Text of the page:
Emilie Hangen, Fabrice P Cordelières, Jennifer D Petersen, Daniel Choquet, Françoise Coussen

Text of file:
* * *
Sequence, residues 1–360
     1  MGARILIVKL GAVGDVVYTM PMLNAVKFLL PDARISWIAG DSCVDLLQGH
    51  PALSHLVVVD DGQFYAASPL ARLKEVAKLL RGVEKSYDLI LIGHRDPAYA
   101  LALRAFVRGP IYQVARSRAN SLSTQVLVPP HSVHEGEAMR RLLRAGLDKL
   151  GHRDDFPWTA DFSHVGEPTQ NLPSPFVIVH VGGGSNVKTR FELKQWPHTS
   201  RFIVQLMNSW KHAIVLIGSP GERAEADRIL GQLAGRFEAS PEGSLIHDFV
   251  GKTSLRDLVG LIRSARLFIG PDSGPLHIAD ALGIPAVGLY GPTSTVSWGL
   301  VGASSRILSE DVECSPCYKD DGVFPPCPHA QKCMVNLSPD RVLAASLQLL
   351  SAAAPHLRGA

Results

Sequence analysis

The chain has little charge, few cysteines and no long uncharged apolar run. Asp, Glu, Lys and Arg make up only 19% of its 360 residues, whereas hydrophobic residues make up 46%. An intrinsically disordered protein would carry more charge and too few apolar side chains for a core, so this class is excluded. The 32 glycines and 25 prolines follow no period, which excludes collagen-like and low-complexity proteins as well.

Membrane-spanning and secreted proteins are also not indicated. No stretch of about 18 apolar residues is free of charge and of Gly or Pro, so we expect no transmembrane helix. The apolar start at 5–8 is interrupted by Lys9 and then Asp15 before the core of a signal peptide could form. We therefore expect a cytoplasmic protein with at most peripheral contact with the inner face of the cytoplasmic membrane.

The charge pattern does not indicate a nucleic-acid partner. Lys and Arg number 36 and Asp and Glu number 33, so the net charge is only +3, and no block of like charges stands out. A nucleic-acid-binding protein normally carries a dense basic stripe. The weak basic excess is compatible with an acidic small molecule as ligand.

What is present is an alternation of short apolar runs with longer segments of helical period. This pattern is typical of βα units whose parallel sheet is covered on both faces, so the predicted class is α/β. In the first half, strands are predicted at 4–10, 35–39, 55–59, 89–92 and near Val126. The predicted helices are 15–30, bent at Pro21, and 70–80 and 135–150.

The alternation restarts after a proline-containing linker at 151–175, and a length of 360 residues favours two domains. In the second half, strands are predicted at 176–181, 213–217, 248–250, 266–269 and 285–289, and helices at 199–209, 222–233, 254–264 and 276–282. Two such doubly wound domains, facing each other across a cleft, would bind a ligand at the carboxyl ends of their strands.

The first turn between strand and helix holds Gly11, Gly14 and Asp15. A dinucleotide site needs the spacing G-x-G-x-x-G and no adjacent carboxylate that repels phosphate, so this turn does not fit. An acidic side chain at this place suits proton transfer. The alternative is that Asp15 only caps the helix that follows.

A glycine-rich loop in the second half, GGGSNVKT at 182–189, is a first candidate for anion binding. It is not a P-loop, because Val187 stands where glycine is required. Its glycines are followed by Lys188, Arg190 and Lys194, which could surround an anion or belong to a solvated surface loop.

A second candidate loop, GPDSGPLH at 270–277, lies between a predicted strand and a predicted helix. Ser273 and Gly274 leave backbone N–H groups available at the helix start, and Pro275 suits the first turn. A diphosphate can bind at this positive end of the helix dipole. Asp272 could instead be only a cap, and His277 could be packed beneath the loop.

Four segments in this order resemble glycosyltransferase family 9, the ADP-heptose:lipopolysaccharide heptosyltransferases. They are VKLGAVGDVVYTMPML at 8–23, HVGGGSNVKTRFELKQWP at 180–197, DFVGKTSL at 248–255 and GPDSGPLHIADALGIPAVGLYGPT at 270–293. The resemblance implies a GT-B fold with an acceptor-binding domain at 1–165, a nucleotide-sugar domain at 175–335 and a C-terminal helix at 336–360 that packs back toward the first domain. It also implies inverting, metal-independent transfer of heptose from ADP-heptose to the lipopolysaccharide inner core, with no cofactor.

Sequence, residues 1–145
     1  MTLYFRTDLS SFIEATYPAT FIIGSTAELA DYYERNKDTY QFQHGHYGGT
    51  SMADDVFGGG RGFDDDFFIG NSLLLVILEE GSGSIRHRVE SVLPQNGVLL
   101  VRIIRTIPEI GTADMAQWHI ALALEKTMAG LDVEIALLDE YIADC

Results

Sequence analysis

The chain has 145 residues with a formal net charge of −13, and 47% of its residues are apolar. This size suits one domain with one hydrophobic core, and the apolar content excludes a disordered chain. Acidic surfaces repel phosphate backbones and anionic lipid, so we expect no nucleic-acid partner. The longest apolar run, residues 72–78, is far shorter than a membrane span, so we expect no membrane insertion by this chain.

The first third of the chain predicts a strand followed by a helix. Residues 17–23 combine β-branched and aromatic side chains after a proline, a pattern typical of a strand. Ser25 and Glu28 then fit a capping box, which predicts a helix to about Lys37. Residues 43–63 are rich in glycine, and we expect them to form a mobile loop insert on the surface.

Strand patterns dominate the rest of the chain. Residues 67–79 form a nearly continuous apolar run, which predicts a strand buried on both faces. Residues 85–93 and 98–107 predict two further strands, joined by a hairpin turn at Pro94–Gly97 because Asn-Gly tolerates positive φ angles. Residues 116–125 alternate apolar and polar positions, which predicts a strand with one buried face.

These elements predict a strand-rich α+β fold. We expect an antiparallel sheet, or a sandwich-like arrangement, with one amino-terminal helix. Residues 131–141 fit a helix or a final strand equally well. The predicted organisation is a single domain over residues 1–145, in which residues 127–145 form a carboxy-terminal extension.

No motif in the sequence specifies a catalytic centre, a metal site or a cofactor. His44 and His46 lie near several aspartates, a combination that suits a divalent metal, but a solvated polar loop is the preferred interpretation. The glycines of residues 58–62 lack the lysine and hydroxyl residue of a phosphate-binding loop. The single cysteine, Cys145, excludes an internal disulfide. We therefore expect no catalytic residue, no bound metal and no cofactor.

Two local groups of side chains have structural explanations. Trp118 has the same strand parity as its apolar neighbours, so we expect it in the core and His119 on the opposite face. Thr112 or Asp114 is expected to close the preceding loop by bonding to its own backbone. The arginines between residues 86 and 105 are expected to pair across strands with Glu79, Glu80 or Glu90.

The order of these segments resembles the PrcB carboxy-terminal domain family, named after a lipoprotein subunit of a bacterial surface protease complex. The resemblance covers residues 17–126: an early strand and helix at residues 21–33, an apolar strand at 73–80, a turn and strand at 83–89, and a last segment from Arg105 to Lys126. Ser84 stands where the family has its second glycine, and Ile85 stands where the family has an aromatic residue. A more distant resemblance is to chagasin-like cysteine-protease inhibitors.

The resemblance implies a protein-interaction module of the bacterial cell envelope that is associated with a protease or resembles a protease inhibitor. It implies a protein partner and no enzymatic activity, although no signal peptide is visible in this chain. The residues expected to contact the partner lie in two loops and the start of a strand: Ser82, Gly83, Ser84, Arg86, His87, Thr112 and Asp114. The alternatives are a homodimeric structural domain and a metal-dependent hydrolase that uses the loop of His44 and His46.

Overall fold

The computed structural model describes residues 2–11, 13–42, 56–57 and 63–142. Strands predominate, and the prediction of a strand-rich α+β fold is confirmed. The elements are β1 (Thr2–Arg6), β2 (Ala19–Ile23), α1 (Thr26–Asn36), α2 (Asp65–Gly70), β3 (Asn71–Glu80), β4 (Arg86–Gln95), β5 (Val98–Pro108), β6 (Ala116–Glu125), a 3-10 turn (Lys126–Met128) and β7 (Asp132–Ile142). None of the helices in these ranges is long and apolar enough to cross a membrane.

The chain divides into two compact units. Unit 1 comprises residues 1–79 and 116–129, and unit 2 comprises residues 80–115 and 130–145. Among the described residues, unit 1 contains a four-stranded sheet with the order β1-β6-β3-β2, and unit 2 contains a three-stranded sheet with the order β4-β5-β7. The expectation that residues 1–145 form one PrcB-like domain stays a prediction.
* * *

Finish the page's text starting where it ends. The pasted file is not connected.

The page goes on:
Regulation of AMPA receptor (AMPAR) trafficking is a key modulator of excitatory synaptic transmission; however, intracellular vesicular transport of newly synthesized AMPARs has been little studied due to technical limitations. By combining molecular tools with imaging strategies in cultured rat hippocampal neurons, we found that vesicles containing newly synthesized, GluA1-subunit-containing AMPARs are transported antero- and retrogradely at a mean speed of 1.5 μm.s-1. Synaptic activity and variations in intracellular calcium levels bidirectionally modulate GluA1 transport. Chemical long-term potentiation (cLTP) initially induces a halt in GluA1 transport, followed by a sustained increase, while acute glutamate uncaging on synaptic spines arrests vesicular movements. GluA1 phosphomimetic mutants preferentially travel to the dendritic tip, probably to replenish extrasynaptic pools, distal to the soma. Our findings indicate that AMPAR intracellular transport is highly regulated during synaptic plasticity and likely controls AMPAR numbers at the plasma membrane.